October 10, 2017

Coming Out to Your Healthcare Provider

 

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In celebration of National Coming Out Day on October 11, SAGECare and our partner the Center for Consumer Engagement in Health Innovation want to share the vibrant voices of LGBT elders. Many of the people in the videos embedded below discuss the various consequences of neglecting to disclose your sexual orientation to your doctor. If a doctor assumes that you’re heterosexual, you may end up missing out on an array of important services you need and deserve.

Many doctors respond to this issue by saying that there is no need for patients to disclose their sexual orientation, stating that this information wouldn’t cause them to treat a patient any differently. While these reassuring words may be said with good intentions, it’s important to be able to openly discuss these matters. That way, doctors can ensure that their patients are receiving completely person-directed care, including all the relevant information, treatments, and help that speak to their specific needs.

While great progress has been made, statistics show that many LGBT people, and transgender people in particular, are still subjected to some of the most painful discrimination when accessing healthcare. This includes, but is not limited to, when people seek medical services related to gender reassignment.

Many older LGBT adults say that medical visits are easier for them once their doctor knows their sexual orientation. After having this conversation with their doctor, many patients report that they no longer feel like they have to censor themselves or worry about being judged or discriminated against. Once the information is out in the open, patients can count on their doctor’s office to be a safe space where they will be treated with respect. 

That’s why SAGECare, SAGE’s cultural competency training program for long-term care providers, and the Center for Consumer Engagement in Health Innovation created these videos. With the voices of LGBT elders and those who care for them out in the open, LGBT older adults will receive better care. Come out to your provider. And remember SAGE's slogan: We refuse to be invisible.  —Grace Jones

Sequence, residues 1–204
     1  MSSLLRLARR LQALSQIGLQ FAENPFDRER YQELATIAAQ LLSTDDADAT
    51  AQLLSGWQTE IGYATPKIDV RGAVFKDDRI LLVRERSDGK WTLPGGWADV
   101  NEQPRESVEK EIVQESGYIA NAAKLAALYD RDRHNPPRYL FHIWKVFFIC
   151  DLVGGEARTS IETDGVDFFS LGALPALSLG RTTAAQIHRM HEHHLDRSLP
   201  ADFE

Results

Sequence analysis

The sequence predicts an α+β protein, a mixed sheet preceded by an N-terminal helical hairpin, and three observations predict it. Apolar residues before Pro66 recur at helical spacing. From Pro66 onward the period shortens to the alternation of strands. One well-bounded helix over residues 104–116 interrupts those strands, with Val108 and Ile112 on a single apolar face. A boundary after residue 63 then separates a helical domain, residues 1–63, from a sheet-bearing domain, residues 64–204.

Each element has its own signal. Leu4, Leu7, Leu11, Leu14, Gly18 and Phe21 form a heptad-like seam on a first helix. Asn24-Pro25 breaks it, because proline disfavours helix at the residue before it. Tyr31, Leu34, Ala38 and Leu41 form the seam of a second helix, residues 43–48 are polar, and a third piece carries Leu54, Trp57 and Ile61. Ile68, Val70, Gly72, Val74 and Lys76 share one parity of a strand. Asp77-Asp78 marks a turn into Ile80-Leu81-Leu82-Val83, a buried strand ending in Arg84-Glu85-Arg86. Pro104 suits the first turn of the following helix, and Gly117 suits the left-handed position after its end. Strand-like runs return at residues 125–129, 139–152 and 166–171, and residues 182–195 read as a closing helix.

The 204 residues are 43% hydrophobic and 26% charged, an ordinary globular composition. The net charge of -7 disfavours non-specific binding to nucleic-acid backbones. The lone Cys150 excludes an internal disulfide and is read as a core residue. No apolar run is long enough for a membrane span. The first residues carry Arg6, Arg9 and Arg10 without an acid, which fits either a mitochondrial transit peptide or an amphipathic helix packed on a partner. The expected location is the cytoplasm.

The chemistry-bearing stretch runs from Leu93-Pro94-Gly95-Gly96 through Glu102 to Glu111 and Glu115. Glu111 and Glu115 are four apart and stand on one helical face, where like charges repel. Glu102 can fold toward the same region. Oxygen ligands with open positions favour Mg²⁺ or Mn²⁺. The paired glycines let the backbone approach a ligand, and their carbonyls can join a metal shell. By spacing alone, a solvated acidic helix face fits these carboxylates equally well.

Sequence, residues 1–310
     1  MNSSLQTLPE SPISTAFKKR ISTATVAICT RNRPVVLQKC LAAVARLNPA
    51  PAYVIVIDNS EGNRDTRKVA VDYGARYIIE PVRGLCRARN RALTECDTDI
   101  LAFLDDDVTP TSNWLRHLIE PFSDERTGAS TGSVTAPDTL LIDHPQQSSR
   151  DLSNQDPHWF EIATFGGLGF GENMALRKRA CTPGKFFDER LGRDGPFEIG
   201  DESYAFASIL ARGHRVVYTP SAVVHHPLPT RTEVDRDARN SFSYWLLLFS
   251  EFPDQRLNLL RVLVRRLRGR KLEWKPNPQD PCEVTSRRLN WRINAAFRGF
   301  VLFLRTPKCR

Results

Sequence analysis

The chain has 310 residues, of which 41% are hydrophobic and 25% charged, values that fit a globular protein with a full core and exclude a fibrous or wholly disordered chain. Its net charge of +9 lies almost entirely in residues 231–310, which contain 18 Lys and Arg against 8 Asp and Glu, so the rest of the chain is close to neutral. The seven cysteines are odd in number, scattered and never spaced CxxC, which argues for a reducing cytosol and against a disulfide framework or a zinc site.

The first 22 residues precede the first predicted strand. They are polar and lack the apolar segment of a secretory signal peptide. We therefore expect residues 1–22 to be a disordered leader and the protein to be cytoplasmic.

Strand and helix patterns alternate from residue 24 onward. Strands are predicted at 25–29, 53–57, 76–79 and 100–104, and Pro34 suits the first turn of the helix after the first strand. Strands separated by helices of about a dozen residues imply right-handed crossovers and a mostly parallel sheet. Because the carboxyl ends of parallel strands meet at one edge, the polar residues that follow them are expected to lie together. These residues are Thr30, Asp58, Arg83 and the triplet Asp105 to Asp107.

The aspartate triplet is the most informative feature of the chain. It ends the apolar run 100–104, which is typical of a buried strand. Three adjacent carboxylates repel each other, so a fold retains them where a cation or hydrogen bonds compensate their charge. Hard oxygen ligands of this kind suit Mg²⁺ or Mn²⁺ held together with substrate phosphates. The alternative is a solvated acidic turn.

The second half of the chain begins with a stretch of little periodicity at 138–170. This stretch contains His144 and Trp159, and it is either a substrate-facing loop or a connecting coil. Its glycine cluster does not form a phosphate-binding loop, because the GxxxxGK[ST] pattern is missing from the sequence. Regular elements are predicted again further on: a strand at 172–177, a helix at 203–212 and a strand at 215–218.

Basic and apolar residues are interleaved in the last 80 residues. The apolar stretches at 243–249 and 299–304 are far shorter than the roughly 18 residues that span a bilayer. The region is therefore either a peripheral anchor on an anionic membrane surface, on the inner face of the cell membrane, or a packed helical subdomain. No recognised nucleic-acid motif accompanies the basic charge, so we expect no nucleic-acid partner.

October 9, 2017

Trump Administration Issues License to Discriminate

 

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The Trump administration recently issued guidelines that dangerously give a license to discriminate against the LGBT community, especially our elders, under the guise of so-called religious freedom. 

Issued by Attorney General Jeff Sessions, a longtime opponent of LGBT equality, the guidance gives federal agencies broad leeway to discriminate against LGBT people based on their religious beliefs and allowing them exemptions from federal laws, rules, and regulations.

Of particular note to the LGBT older adult community, nearly 85 percent of retirement communities are faith-based, according to a recent analysis by LeadingAge and Ziegler, a Chicago investment bank. What’s more, these organizations make up more than 80 percent of all units available to LGBT elders, putting them at specific risk. LGBT elders’ care could be seriously compromised by allowing these institutions or individuals to find an exemption to refuse to care for LGBT elders.

This license to discriminate also exacerbates the challenge of LGBT people seeking housing. LGBT older adults already face extreme discrimination when seeking housing: A study by the Equal Rights Center and SAGE found that 48 percent of elder same-sex couples experienced overt discrimination when applying for senior housing, and the problem is amplified for older transgender people. When it comes to visiting a doctor or a medical facility, this license to discriminate could allow providers to refuse care to LGBT people or provide substandard service.

Further, this license to discriminate goes directly against the wishes of a vast majority of Americans and a bipartisan group in Congress (60 percent of Republicans and 80 percent of Democrats), who support protecting our LGBT community, according to a recent Public Religion Research Survey.

“Today’s Department of Justice guidelines are merely a license to discriminate based on so-called religious freedom, and they are a disaster for this country,” says SAGE CEO Michael Adams. “Neither individuals nor faith-based organizations—nor any other entity—have the right to elevate their religious beliefs above the laws that protect all Americans. For LGBT elders, this guidance is particularly dangerous."